So, with all the big-name unrestricted free agents now inked to new deals, how might Briere manage to bring in some much-needed help on the left side? Well, he could call his old Sabers teammate Chris Drury who is now the New York Rangers General Manager, and ask him what it might take to acquire their former number one overall pick Alexis Lafrenière. I mean, it is plausible. The Rangers have already gone out this off-season and signed veterans like Blake Wheeler, Tyler Pitlick, Riley Nash, Connor Mackey, and goaltender Jonathan Quick to fill vacancies in their lineup. But because of this recent shopping spree, Drury has left himself with very little cap space left to re-sign his own restricted free agents. So much so that he has been rumored to be listening to offers for Lafrenière even though he hopes to be able to keep him. But Drury also has restricted free agent (RFA) defenseman K’Andre Miller to sign, who has been an integral part of the Rangers’ defense over the last couple of seasons and is rightly due a substantial pay raise. This makes Alexis (the other RFA) possibly the odd man out, seeing that he has been rumored not to be willing to sign a team-friendly bridge deal.

And who could blame him? Alexis is a natural left winger with a ton of skill that is still just 21 years of age. He already has three NHL seasons of experience under his belt, but to date, he has yet to reach his full potential because he has been buried on the depth chart by other Ranger superstar left wings like Chris Kreider and Artemi Panarin. But that doesn’t mean that Lafrenière has failed to produce. In the ’21-22 season, Alexis set a career-high in goals with 19, and this past season he set a career-high in points with 39.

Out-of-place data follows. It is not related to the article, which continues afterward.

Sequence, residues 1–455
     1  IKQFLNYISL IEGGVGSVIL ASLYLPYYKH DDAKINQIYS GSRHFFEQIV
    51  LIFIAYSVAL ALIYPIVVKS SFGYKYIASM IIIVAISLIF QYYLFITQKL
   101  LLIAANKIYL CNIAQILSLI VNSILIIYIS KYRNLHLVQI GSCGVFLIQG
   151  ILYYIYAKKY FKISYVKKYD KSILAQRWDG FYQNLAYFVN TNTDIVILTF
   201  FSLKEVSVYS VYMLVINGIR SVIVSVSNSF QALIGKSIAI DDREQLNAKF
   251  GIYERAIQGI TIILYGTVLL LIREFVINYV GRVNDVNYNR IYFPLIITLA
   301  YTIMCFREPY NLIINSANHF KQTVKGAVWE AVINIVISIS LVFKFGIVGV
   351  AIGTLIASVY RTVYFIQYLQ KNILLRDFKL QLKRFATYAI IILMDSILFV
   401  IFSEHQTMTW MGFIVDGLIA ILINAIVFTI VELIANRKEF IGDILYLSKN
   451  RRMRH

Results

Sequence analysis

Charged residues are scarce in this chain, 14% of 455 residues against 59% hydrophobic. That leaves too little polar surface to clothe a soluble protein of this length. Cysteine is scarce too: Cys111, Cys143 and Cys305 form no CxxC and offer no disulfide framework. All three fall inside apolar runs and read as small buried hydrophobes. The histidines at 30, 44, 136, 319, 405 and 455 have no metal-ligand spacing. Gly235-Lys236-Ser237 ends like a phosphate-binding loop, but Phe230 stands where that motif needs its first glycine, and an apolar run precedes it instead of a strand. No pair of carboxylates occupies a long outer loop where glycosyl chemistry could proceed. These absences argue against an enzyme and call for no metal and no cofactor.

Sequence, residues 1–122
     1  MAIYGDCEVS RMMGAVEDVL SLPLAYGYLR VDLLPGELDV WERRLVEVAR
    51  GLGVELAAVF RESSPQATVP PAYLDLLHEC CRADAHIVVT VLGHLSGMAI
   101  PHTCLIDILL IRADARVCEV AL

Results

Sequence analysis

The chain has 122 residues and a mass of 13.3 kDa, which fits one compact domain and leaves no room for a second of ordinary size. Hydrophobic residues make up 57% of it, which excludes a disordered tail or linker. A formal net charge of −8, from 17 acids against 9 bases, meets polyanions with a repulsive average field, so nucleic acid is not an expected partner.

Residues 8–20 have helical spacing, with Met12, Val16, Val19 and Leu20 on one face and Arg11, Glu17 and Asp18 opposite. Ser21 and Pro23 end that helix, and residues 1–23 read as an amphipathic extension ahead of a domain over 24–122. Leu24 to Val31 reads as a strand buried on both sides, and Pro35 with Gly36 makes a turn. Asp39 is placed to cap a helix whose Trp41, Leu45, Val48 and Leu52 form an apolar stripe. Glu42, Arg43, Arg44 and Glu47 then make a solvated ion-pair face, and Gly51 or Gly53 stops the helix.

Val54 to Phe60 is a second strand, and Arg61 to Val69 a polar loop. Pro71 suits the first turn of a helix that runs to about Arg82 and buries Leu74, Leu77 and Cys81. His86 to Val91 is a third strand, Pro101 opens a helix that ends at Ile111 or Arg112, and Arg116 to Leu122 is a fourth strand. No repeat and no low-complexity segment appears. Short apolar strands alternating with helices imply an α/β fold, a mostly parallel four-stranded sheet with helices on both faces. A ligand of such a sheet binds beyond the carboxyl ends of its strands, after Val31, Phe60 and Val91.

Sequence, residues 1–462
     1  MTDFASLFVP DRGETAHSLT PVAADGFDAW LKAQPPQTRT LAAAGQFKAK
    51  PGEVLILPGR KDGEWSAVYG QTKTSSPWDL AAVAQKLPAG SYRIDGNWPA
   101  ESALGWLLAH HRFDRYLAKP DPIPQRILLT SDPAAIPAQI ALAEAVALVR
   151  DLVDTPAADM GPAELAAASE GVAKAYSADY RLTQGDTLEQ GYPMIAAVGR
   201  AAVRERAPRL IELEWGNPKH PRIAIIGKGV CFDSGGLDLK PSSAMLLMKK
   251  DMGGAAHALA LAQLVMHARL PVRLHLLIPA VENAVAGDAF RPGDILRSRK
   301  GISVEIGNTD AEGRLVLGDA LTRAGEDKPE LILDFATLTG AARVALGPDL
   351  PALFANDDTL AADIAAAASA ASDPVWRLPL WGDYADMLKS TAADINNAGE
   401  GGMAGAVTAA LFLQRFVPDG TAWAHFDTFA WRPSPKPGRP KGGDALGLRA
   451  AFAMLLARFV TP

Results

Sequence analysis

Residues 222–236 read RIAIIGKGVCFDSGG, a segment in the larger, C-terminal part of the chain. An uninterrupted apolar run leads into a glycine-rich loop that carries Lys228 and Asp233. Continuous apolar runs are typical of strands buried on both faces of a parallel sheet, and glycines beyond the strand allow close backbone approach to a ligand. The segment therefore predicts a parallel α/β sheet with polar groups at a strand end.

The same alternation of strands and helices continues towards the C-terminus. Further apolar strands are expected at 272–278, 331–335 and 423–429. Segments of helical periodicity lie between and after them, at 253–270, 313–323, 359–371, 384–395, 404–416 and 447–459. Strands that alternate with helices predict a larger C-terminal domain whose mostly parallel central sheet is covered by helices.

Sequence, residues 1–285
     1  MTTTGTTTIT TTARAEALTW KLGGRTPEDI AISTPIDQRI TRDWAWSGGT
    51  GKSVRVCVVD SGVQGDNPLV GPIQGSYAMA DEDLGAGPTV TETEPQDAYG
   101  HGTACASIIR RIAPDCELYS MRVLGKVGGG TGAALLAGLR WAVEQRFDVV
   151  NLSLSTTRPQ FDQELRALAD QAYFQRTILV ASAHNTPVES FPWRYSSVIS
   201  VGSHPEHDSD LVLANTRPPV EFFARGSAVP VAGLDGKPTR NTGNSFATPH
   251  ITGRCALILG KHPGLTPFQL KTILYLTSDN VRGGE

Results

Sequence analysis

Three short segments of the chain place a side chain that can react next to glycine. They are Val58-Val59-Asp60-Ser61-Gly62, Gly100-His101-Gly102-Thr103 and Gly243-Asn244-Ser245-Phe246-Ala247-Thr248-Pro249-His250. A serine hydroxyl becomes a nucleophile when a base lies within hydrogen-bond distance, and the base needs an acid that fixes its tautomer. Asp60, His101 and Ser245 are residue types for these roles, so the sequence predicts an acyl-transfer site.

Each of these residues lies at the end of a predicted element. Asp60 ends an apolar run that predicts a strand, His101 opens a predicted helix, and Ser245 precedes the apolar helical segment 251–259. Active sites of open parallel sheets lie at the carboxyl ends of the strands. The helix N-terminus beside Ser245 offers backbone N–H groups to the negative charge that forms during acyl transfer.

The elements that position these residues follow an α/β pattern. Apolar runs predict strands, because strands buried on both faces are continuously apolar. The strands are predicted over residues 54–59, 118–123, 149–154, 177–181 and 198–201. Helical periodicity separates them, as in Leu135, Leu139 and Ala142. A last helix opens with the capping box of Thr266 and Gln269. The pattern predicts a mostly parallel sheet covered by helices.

These totals might not seem entirely up to par with what you would expect from a former number-one overall pick. Still, I believe if the Flyers could somehow acquire him from New York, his production might take off like Owen Tippett’s did when he was given a chance to finally play consistent top-six minutes upon arriving in Philadelphia.

The question now becomes, what exactly might Briere have to give his old teammate to obtain him? Might it take a 1st round pick? The Flyers have two of them next year. One of which previously belonged to the Florida Panthers, who, as we all know, made it to the Stanley Cup Finals this year, so if they are anything close to the team, they were last year; it will be like giving up an early second. My guess is that with the Rangers being short on funds and having to get cap compliant. They might be willing to settle for a lower-tier NHL roster player and someone like Samu Tuomaala or Bobby Brink, who also were taken early in their respective drafts and show a lot of promise.

Whether Briere chooses to orchestrate a sign-and-trade deal or settles for retaining his rights, given that he is due to get more cap space with the DeAngelo trade supposedly being finalized in the next few days, I think the cost would be worth it. For adding Alexis to the youth movement here on Broad Street that already includes Foerster, Gauthier, and now Michkov, the Flyers struggles are sure to become a thing of the past once they find themselves all playing on the same sheet of ice.

Evaluating Dealing Danny’s First Draft Haul as the Flyers GM

By |June 30th, 2023|